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The relationship between tigers and humans is complex. First regarded as kin and vehicles for ancestral spirits, humans ended up by virtually exterminating tigers in the age of colonialism. Yet, as myths and metaphors, tigers incessantly return to haunt the public imagination. In a film duet, the Singaporean artist and filmmaker Ho Tzu Nyen weaves history, ecology and mythology through his theatrical installation One or Several Tigers. Grafting animism onto animation, a Malayan Tiger and a colonial surveyor on two facing screens sing a duet in which a million years of history pass by. Through seamless use of cinematic techniques, ancient and contemporary, Ho Tzu Nyen enacts the manifold metamorphoses of tigers, humans and weretigers (people who can turn into tigers).
The theatrical installation One or Several Tigers invites visitors to step into a dream world where they meet the Tiger and the Surveyor. These figures come from a historical engraving from 1865, titled
Unterbrochene Straßenmessung auf Singapore (‘Interrupted Road Surveying in Singapore’) by the German illustrator Heinrich Leutemann. The engraving features George Coleman, who was the first head surveyor of British Public Works in Malaysia in the 1830s. Together with a group of prisoners, used as forced labour, Coleman is attacked by a tiger. It’s an image that can be seen as an allegory of colonial history: the wilderness opened up by modern technology on the one hand, confronted by the tiger that resists and attacks on the other.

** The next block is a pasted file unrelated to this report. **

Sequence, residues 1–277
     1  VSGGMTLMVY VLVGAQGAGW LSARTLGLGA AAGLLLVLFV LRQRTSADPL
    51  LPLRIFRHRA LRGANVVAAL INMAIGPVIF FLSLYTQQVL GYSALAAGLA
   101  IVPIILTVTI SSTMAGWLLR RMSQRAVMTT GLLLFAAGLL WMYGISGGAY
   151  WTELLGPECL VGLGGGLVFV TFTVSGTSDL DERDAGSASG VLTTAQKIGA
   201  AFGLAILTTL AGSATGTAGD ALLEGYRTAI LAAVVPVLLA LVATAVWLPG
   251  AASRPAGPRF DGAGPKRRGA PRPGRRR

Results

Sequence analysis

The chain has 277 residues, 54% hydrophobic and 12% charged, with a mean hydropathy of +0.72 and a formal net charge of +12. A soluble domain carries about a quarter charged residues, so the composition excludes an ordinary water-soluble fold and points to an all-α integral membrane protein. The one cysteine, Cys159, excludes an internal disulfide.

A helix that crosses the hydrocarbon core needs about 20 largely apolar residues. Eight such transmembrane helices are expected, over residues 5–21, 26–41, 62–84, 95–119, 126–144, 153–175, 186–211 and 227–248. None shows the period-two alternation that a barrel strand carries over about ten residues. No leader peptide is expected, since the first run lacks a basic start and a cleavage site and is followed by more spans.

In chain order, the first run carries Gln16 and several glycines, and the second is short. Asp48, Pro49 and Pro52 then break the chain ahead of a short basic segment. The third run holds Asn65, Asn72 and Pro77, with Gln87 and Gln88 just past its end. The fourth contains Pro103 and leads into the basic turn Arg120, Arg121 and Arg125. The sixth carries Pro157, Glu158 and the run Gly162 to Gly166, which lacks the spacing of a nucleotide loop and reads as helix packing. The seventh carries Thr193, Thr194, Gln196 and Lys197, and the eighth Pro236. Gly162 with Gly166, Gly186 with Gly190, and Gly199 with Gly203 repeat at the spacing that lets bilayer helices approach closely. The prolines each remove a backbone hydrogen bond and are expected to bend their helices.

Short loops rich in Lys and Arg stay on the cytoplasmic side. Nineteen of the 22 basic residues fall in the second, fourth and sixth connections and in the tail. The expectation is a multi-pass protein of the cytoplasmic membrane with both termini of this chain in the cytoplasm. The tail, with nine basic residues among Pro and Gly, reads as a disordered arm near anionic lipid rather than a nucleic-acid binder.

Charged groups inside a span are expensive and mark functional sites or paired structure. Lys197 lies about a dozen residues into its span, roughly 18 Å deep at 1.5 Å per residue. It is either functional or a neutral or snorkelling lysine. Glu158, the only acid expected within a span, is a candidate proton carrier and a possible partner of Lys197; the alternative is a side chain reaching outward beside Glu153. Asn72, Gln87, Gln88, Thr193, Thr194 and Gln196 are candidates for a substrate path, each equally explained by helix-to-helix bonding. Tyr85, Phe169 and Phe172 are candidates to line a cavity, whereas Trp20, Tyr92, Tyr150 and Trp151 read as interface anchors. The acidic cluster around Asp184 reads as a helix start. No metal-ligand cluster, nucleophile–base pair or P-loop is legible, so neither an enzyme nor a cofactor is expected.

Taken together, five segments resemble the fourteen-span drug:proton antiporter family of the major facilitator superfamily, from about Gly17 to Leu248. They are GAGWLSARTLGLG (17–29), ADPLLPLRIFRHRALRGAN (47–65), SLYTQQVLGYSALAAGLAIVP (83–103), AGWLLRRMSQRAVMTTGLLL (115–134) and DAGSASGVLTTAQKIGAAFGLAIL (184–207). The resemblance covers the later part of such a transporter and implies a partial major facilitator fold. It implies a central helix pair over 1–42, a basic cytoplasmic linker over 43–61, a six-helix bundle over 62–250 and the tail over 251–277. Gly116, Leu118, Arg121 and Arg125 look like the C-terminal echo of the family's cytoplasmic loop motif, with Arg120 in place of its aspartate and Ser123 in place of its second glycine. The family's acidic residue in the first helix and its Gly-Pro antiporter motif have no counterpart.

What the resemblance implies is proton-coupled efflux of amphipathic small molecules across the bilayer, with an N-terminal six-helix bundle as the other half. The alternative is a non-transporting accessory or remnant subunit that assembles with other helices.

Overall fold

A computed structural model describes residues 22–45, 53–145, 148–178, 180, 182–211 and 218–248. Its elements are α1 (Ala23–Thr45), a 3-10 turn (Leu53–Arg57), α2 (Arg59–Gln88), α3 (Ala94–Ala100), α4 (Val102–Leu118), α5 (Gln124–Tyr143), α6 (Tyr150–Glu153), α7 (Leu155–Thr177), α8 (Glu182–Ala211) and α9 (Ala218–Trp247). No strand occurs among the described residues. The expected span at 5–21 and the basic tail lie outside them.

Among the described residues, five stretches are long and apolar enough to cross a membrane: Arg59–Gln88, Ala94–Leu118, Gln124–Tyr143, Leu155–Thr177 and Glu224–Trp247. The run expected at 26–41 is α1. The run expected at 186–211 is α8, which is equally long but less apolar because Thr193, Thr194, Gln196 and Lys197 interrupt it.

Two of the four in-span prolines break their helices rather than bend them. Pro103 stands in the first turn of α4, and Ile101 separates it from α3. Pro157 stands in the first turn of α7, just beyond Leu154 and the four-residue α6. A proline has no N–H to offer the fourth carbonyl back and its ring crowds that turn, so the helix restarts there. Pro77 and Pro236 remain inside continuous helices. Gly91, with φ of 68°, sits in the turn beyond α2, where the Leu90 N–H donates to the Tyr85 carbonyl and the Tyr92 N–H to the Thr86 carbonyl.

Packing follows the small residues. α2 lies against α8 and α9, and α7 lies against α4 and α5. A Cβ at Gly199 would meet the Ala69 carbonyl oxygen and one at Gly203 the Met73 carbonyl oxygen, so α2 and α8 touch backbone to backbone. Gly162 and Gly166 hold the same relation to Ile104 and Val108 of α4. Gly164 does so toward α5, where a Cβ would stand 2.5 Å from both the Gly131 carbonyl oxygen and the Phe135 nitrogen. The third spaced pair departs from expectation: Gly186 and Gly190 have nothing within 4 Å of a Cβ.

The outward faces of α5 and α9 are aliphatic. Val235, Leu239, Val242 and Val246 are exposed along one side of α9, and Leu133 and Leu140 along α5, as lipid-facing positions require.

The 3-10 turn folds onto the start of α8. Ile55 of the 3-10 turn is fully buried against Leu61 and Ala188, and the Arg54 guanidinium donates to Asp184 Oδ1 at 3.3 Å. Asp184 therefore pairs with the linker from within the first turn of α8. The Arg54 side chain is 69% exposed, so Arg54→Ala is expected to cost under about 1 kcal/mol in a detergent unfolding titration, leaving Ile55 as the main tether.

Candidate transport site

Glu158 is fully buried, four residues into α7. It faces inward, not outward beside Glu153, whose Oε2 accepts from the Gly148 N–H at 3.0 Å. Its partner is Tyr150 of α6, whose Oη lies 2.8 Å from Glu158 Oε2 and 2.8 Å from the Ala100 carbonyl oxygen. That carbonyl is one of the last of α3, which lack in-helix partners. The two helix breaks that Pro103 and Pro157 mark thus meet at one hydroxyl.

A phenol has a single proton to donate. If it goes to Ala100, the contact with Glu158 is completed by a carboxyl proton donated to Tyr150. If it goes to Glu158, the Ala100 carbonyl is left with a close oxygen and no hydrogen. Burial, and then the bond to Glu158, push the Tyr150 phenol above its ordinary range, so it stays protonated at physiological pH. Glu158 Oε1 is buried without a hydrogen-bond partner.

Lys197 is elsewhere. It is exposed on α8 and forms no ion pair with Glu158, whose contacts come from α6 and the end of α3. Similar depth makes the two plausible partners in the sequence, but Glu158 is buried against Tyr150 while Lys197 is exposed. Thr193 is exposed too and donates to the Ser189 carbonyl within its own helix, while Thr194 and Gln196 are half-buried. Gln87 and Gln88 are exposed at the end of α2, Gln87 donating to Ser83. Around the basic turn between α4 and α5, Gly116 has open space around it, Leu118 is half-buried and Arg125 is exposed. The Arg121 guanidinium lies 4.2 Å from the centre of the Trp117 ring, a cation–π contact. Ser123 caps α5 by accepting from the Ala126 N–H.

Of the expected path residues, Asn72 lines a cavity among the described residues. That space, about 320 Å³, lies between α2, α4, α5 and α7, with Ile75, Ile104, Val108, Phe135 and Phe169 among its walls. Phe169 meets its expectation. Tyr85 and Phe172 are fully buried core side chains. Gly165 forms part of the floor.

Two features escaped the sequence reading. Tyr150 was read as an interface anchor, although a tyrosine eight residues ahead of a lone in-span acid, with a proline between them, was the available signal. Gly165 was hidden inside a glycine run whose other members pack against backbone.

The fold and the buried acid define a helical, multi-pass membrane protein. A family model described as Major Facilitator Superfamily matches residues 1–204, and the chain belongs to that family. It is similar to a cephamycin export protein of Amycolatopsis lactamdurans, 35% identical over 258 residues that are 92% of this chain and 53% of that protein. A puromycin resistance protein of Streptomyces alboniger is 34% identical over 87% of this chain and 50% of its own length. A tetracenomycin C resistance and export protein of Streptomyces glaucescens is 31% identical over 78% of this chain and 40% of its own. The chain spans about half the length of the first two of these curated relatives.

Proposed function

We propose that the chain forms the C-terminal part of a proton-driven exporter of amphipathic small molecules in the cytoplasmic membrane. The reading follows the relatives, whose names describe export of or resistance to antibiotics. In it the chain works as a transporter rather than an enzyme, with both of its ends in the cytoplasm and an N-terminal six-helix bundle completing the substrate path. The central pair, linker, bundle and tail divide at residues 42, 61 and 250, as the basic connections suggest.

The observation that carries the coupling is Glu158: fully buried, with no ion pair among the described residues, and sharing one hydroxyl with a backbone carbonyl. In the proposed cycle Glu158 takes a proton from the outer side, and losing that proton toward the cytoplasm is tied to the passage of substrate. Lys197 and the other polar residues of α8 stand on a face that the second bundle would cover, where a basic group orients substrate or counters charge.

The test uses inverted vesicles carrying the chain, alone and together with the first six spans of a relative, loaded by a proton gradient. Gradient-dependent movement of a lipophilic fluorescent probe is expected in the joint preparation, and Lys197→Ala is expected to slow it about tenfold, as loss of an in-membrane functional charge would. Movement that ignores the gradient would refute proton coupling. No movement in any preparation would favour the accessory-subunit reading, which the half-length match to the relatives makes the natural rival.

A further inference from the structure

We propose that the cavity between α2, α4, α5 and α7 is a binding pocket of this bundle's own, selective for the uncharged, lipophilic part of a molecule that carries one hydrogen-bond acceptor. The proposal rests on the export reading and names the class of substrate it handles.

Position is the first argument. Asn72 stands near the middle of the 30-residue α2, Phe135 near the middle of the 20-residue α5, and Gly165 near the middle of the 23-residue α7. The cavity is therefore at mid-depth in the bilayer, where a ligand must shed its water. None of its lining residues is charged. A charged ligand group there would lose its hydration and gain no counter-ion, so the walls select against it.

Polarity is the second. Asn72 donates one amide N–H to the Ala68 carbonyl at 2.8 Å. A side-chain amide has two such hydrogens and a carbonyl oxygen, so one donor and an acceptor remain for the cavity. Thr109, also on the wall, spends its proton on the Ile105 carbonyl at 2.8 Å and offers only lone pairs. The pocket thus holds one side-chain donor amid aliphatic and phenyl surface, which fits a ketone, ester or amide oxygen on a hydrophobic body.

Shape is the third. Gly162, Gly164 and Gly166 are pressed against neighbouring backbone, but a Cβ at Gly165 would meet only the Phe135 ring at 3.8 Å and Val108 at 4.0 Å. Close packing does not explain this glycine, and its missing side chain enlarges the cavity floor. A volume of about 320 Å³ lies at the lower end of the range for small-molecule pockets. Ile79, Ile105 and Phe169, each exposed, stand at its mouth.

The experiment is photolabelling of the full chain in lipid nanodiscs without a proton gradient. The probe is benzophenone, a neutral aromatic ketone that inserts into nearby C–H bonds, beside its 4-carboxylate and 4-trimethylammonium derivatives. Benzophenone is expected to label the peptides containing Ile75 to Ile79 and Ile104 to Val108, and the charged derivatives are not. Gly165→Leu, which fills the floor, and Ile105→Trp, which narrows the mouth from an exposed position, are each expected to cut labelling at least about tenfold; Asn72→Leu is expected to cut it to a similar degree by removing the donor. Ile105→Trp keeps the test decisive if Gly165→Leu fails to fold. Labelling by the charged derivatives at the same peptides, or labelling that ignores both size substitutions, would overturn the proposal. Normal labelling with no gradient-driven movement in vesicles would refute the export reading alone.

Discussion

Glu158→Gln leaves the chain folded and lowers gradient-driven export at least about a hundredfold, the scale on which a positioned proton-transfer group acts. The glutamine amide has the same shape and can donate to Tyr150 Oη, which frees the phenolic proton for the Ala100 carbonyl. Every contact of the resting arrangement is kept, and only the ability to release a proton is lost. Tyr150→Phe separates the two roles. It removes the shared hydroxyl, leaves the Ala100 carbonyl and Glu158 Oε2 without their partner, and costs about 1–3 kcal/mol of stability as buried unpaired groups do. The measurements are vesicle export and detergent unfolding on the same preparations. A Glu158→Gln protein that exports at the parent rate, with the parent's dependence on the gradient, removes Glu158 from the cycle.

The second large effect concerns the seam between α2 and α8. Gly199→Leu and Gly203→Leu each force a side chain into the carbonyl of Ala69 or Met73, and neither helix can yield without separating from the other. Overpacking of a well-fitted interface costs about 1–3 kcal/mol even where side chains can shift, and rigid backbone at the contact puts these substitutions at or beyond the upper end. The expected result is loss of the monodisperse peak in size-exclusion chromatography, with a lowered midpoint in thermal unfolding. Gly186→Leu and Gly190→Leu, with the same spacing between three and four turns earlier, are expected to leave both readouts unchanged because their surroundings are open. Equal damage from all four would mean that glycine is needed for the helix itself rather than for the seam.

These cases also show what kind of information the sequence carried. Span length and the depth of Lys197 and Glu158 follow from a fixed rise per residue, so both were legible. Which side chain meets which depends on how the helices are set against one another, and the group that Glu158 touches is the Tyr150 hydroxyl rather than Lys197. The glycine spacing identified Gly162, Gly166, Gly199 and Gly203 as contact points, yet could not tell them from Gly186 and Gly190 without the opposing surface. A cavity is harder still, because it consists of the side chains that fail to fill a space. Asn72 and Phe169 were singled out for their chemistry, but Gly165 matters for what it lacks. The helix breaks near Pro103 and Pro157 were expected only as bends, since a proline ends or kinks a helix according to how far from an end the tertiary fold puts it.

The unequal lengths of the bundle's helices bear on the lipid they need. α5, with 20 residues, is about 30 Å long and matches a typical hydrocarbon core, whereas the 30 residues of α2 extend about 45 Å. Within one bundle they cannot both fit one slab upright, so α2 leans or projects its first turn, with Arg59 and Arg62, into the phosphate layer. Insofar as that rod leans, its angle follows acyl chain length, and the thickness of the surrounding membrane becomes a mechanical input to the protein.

The history of the tiger in the Malayan world is a recurring theme in Singaporean artist Ho Tzu Nyen’s exploration of South East Asian history. His Critical Dictionary of Southeast Asia presents an atlas of motifs woven through this diverse region. In recent years he has created the much-praised multimedia production Ten Thousand Tigers, a number of video works, installations and texts, as well as giving lectures. One or Several Tigers (2017) forms a synthesis of all these different projects.
In the Malayan cosmology people and tigers have always been closely connected: some tigers can turn themselves into humans and some people, like shamans, can transform themselves into tigers. One or Several Tigers is both about the old mythology of the weretiger, the being that communicates with the world of the ancestors and spirits, as well as the extermination of the tiger during the colonial period. In the 20th century the focus shifts away from transformations between humans and tigers, as the tiger comes to exist mainly in the domain of language, as a metaphor. For example: Tomoyuki Yamashita, the Japanese general who defeated the British in 1942, was called the ‘Tiger of Malaysia’ and the tiger is also became associated with communism in the Malaya.
In One or Several Tigers Ho Tzu Nyen a pair of digitally animated surveyor and tiger on two screens, sing a duet spanning a million years of shared history. Ho uses old and contemporary film techniques to mould his story into a hypnotizing sequence, including shadow puppetry, video, 3D scans, motion capture and animation. This means One or Several Tigers is also a reflection on visual technology and the history of film animation. The figures from the engraving have become digital characters in space. They revolve around each other like heavenly bodies, slowly merging as the boundaries fade between what is human and animal, magic and reason, history and folklore. Animism and the silenced history of Malaysia is etched into the retina via the medium of animation, claiming a space in the collective memory.